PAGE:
Christian Carrion

Though he usually broadcasts from a soundproof closet at his home, Christian Carrion of Lancaster can set up his portable equipment in places such as Lancaster’s Buchanan Park. On his “Stranger Than Christian” podcast, he talks to strangers from around the world.

How do you decide who to interview among those who’ve reached out to you?

I look for an ability to be open. I feel like at this point I can tell from an application whether somebody will be forthcoming in a conversation, of whether they will be not so forthcoming.

I guess I look for that genuine sort of human quality. I look for people who will be honest with me, and also ask questions of me.

How do you prepare for the podcast?

I don’t really prepare too much. And I think that that’s what makes what I’m doing different from a lot of the other conversation-based podcasts that are out there.

The questions that I ask on the podcast are of genuine curiosity, so I don’t write anything in advance. So, anything I ask, I ask in that moment.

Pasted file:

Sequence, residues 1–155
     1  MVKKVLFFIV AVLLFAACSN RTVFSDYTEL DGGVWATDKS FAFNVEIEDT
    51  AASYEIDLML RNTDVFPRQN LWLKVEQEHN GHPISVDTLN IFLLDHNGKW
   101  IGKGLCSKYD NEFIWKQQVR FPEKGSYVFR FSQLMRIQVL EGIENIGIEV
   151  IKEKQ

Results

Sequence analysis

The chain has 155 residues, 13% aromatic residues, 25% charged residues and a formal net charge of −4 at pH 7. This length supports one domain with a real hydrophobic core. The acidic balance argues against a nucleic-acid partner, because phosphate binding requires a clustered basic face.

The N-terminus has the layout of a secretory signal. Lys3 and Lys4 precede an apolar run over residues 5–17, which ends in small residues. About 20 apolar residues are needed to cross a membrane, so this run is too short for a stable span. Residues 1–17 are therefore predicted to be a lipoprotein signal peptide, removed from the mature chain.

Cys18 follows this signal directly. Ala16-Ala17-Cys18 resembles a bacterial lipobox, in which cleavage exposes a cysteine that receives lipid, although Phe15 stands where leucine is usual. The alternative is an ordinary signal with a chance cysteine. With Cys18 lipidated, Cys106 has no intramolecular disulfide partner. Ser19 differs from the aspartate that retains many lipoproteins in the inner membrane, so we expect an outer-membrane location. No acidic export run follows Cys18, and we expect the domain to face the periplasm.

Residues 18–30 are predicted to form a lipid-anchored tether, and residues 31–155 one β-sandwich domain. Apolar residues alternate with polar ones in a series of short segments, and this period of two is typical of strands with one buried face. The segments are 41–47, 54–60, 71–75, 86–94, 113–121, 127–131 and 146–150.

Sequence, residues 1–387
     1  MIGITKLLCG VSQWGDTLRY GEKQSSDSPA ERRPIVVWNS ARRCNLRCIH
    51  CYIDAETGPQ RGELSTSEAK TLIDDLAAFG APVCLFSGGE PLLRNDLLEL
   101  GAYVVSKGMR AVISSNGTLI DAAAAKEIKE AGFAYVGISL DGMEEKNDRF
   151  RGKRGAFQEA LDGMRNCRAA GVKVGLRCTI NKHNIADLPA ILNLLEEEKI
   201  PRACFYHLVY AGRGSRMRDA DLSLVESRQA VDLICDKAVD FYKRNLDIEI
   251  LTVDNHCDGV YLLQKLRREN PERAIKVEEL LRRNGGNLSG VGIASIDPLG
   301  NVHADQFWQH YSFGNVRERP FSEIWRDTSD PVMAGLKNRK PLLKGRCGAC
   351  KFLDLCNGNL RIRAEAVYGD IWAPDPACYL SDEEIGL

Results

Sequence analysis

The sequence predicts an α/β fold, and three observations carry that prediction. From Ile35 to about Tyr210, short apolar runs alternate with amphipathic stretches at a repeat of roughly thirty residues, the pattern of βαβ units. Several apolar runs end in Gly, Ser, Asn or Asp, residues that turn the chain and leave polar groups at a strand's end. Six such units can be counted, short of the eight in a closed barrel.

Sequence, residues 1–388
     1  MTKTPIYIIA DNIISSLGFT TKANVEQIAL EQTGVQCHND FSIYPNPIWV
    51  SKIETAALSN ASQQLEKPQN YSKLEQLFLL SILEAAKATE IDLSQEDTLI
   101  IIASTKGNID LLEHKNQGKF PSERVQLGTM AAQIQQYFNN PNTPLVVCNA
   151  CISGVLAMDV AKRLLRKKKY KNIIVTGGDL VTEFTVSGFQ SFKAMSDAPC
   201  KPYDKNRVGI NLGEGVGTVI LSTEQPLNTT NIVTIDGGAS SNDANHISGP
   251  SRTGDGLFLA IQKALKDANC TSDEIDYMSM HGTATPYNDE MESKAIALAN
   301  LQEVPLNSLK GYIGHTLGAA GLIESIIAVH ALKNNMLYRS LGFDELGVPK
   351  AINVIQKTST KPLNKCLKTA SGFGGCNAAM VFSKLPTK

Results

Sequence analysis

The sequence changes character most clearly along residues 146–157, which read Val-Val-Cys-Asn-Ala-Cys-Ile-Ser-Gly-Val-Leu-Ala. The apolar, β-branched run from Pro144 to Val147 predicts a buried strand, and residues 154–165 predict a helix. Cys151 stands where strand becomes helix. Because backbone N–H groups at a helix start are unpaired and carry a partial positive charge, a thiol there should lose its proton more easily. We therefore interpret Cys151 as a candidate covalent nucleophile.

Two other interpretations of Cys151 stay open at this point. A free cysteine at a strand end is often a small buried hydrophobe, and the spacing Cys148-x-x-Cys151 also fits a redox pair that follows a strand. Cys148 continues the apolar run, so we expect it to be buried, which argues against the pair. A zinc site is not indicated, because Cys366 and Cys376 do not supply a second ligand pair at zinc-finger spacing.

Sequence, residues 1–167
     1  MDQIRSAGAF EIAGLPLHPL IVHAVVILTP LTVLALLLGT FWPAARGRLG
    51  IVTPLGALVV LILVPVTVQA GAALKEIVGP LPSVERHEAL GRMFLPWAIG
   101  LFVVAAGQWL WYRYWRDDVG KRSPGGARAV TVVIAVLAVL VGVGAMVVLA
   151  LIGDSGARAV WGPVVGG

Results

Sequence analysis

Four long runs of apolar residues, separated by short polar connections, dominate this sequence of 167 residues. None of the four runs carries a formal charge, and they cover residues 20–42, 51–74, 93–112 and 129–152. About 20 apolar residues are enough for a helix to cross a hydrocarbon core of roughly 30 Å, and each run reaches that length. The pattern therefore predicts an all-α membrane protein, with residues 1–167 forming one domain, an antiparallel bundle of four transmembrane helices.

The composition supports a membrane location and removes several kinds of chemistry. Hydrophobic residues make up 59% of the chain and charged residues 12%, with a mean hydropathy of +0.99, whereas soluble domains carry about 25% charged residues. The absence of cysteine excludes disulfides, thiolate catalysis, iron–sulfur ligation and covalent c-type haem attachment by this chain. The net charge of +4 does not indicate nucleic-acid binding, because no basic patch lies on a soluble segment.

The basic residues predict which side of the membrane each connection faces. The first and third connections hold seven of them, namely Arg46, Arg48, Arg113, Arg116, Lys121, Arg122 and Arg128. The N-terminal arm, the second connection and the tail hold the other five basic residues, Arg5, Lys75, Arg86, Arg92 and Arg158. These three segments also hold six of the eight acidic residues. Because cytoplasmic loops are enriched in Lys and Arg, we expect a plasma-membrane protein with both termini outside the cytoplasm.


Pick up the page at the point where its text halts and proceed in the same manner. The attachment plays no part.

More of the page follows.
How often do you put out a podcast?

Right now it’s once a week. The podcasts are about an hour and change.

Do you have any concern that your subjects don’t really do for a living what they said they did on the questionnaire?

It is just trust. And I also think that, because of the nature of our conversations and because they have the ability to go for as long as we want them to go, at some point in that conversation I would catch on that, OK, maybe this isn’t as true as you say it is.

But you think that if a person were to completely lie on the application, I think it would be fascinating to hear somebody lie like that for an hour.